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Data Warehousing Lessons Learned:
Special Issues with Data Warehousing Security

  Column published in DM Review Magazine
October 2003 Issue
  By Lou Agosta

Data warehousing systems present special security issues including:

  • The degree of security appropriate to summaries and aggregates of data,
  • The security appropriate for the exploration data warehouse, specifically designed for browsing and ad hoc queries, and
  • The uses and abuses of data encryption as a method of enhancing privacy.

Many data structures in the data warehouse are completely devoid of sensitive individual identities by design and, therefore, do not require protection appropriate for the most private and sensitive data. For example, when data has been aggregated into summaries by brand or region, as is often the case with data warehousing, the data no longer presents the risk of compromising the private identities of individuals. However, the data can still have value as competitive intelligence of market trends, and thus requires careful handling to keep it out of the hands of rival firms. Relaxed security does not mean a lack of commitment to security. The point is that differing levels of security requirements ought to remind us that one-size-fits-all solutions are likely to create trouble.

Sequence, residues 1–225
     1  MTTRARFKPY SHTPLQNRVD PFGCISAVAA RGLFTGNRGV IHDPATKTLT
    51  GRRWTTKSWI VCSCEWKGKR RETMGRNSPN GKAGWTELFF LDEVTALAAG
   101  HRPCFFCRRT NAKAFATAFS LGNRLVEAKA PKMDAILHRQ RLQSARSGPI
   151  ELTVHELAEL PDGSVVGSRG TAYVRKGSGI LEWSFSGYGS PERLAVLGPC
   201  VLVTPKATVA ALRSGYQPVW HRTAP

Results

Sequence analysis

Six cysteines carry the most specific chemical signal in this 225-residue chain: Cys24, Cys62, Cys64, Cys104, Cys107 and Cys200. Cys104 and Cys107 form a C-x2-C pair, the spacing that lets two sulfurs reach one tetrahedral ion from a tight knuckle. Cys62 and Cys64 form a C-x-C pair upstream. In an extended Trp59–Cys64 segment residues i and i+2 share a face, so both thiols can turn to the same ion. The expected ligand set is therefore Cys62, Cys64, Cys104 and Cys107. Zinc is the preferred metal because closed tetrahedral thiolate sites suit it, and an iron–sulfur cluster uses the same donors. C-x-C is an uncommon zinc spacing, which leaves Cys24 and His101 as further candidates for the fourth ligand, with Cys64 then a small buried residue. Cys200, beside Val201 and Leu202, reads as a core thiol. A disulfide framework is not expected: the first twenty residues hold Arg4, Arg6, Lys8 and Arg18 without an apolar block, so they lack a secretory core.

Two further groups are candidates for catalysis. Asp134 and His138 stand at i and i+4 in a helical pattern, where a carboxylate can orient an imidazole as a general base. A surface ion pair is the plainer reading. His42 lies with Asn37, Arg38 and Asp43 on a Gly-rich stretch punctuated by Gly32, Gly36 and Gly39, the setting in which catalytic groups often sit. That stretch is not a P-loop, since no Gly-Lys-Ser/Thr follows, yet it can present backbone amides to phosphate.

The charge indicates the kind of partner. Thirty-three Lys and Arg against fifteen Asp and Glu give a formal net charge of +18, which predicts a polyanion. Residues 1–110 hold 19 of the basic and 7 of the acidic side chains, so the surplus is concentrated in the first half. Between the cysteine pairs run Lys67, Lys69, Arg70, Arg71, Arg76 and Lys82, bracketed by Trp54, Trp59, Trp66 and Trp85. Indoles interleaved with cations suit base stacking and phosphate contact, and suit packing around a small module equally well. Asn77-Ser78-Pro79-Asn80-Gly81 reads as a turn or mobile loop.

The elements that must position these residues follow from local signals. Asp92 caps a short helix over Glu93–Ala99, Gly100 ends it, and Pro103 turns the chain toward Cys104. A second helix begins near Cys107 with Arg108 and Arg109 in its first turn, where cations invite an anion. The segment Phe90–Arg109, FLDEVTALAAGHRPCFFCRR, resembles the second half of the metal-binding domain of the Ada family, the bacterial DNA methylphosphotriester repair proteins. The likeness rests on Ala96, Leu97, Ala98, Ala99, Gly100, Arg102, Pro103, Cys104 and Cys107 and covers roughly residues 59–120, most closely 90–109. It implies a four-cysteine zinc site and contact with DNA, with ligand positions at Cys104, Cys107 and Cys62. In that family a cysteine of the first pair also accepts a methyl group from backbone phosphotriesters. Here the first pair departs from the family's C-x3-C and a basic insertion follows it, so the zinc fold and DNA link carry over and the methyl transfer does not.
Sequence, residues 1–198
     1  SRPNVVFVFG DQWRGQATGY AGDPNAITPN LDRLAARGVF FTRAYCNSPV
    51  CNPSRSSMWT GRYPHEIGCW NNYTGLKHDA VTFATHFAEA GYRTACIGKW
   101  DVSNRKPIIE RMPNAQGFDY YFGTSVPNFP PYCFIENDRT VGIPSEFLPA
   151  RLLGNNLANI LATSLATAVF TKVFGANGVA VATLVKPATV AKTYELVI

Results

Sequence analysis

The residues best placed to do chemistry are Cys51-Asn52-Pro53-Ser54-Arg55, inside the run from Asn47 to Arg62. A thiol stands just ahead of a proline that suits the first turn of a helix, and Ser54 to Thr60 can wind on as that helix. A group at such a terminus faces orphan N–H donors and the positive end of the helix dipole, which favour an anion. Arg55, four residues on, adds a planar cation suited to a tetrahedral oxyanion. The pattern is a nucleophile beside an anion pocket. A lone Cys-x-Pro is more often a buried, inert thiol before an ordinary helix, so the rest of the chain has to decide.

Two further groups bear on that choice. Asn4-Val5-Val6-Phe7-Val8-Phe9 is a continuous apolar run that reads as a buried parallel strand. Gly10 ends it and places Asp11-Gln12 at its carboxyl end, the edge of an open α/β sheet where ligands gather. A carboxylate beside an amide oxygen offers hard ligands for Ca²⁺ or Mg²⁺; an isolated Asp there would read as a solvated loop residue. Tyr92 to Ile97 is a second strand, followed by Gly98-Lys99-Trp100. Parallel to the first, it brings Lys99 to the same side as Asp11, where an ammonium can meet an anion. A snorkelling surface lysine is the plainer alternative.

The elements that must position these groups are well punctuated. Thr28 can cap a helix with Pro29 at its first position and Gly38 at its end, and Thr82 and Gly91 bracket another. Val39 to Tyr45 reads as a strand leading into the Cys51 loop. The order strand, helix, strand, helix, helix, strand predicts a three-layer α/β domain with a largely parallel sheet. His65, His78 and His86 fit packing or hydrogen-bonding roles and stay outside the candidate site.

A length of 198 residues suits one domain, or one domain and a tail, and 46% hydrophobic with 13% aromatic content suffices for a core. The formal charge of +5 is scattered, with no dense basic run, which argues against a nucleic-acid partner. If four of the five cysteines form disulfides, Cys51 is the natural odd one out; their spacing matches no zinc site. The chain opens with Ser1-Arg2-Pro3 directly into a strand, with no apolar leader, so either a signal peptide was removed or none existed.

Another special security problem presented by data warehousing is precisely the reason why such systems exist. Data warehouses are frequently used for browsing and exploring vast reams of data -- undirected exploration and knowledge discovery is provided by an entire class of data mining tools. The point is to find novel combinations of products and issues. Whether authentic or mythical, the example of market basket analysis whereby diapers are frequently purchased with beer is now a classic case. The father going to the convenience store for "emergency" disposable diapers and picking up a six-pack on the way out suggests a novel product placement. The point is that it is hard to say in advance what restrictions would disable such an exploratory data warehouse; therefore, the tendency is to define an unrestricted scope to the exploration. A similar consideration of undirected knowledge discovery applies to simple ad hoc access to the data warehouse. Examples where a business analyst uses end-user self-service tools such as those by Business Objects, Information Builders, Cognos or Oracle to issue queries directly against the data without intermediate application security give the end user access to all the data in the data warehouse. Given privacy and security imperatives, it may be necessary to render the data anonymous prior to unleashing such an exploratory, ad hoc process. That will create complexity where the goal is (sanctioned) cross-selling and up-selling. The identity must be removed in such a way that it can be recovered, as the purpose is often to make an offer to an individual customer.